Happy birthday Sir George 90 is a great innings i hope you have a lot more to come….
John Lennon and George Martin on the train to Washington, 11 February 1964
George Harrison and George Martin, 1963 and 1993
The Dark Horse” by George Martin
Found this in one of my scrapbooks, with no source specified, unfortunately. It must be either December 2001 or sometime in early 2002, though… It’s an article written by Sir George Martin about George Harrison; for anyone who’s interested, here’s the type-up of it.
“George was a teenager when we first met, and it was he who broke the ice in Abbey Road Studios. A year or two younger than John and Paul, he was allowed into the group because he had shown himself to be a better player than the other two, with an impressive collection of guitar licks that he demonstrated to them. When Ringo replaced Pete Best the unique quartet was complete, but with Ringo being the oldest George remained the baby of the group, and suffered a little as a result. His compositions tended to be relegated to second base in the studio, mainly because John and Paul were turning out such a stunning array of songs at a time when his efforts were hardly world beaters.
I suppose I should have given him more time and encouragement, but there is no denying that John and Paul were coming up with amazing material which required my undivided attention. We always included at least one of George’s songs in each album, just as we tried to include a solo from Ringo. It was tough on him; he had no writing partner to work with, no one to bounce ideas off, and he was forced to be a loner, but his contribution to the success of The Beatles cannot be discounted.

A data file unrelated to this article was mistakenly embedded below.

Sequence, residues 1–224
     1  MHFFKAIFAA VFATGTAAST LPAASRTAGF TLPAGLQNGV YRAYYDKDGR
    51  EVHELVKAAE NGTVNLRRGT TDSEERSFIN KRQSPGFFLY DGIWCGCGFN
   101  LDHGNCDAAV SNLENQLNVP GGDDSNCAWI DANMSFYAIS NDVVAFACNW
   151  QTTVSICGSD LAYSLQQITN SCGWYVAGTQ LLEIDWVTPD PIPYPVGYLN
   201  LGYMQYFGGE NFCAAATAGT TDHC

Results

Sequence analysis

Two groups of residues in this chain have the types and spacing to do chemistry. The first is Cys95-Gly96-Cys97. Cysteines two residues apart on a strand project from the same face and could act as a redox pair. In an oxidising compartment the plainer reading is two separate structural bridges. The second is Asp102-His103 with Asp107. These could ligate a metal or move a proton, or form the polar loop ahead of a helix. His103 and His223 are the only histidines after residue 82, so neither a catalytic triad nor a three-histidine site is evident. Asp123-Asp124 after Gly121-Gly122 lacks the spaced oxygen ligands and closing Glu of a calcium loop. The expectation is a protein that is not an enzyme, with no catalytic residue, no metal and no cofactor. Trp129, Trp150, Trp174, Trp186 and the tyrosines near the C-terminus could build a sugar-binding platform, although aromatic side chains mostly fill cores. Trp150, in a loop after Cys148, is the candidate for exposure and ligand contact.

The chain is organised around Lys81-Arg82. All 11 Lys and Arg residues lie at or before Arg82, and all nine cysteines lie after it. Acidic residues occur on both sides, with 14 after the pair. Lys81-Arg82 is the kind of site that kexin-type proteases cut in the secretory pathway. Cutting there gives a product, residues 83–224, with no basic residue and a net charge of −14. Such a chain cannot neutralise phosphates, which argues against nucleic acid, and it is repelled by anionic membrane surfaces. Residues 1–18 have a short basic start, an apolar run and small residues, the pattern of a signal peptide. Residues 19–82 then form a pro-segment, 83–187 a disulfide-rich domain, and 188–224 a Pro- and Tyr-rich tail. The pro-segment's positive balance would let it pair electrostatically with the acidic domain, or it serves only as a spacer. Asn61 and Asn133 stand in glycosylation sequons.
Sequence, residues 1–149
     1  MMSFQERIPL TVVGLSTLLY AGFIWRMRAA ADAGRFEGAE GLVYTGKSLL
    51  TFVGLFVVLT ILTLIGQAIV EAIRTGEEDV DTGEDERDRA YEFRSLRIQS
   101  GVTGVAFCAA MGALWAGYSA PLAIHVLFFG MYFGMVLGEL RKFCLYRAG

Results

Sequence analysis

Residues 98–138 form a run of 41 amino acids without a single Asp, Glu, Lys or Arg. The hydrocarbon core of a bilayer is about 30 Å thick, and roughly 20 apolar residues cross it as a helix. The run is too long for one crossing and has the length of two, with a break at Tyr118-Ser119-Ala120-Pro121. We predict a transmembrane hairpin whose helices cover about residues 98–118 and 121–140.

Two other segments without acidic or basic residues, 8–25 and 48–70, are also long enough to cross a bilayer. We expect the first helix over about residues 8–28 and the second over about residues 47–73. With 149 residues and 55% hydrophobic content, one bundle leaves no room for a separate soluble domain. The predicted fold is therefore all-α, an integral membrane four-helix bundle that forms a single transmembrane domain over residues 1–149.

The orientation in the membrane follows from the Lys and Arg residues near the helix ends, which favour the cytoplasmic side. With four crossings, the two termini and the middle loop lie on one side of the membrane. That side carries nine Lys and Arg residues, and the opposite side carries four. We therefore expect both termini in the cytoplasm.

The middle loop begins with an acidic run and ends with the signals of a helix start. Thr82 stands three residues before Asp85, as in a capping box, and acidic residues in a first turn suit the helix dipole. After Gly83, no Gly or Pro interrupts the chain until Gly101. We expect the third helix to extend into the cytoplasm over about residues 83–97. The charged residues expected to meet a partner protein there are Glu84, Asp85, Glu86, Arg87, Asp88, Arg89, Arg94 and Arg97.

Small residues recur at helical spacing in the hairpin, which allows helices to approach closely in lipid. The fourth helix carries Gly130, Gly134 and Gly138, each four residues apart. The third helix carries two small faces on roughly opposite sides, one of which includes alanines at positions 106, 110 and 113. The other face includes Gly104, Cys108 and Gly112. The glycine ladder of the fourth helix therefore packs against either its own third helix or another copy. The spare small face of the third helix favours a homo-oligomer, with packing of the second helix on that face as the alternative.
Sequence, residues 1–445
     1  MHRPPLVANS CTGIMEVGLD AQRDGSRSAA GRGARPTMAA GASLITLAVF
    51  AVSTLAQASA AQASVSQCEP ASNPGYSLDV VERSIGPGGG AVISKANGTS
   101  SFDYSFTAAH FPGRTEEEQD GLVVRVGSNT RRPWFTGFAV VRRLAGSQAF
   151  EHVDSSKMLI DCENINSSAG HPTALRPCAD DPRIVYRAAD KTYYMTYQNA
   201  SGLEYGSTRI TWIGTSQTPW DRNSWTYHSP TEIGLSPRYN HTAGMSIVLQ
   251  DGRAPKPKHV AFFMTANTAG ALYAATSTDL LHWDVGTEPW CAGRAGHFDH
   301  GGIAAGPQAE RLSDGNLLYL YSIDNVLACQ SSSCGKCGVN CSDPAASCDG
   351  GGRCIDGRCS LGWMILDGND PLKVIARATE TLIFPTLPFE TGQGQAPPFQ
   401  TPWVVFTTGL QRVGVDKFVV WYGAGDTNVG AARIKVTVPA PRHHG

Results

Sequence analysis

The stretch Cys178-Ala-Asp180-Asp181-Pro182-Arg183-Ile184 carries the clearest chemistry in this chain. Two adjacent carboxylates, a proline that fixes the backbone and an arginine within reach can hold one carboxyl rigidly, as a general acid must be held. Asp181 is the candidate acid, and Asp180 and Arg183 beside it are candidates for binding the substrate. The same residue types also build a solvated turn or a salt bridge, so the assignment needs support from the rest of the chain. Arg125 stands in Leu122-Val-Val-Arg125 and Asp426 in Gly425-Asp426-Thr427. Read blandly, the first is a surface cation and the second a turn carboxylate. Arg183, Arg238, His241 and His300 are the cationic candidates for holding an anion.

Of course I had to make a decision on the songs he offered, and it was not easy. During the recording of Sgt. Pepper he offered me “Only A Northern Song”, which I thought was below the standardI of the rest of the record, and told him so. Not a pleasant thing to have to say to him, and understandably he was upset, but said wryly, “It’ll do for Yellow Submarine then, won’t it?” This was the animated film which none of the boys valued very much, and that is where “Only A Northern Song” ended up.
I asked him to come up with something else a little more interesting. George was nothing if not determined, and he worked on his compositions, gradually and painstakingly improving them. Eventually he presented me with “Within You Without You” which was quite different to anything else, not terribly commercial, but original and intriguing. When it came to tracks like this, heavily influenced by George’s Indian research, the dynamic changed and he was the expert in the studio. Fortunately I was fairly experienced with Indian musicians, and I enjoyed working with George on the complicated tracks with their odd rhythms and time signatures. He had enormous patience, and always knew what he wanted.
Ultimately his songwriting developed brilliantly, and he came through with some truly great songs. “Here Comes the Sun” is one of my favourite Beatles songs, and “Something” is without a doubt one of the finest love songs ever written. I was so delighted when he was accepted as a fine songwriter; at last his hard work became really worthwhile.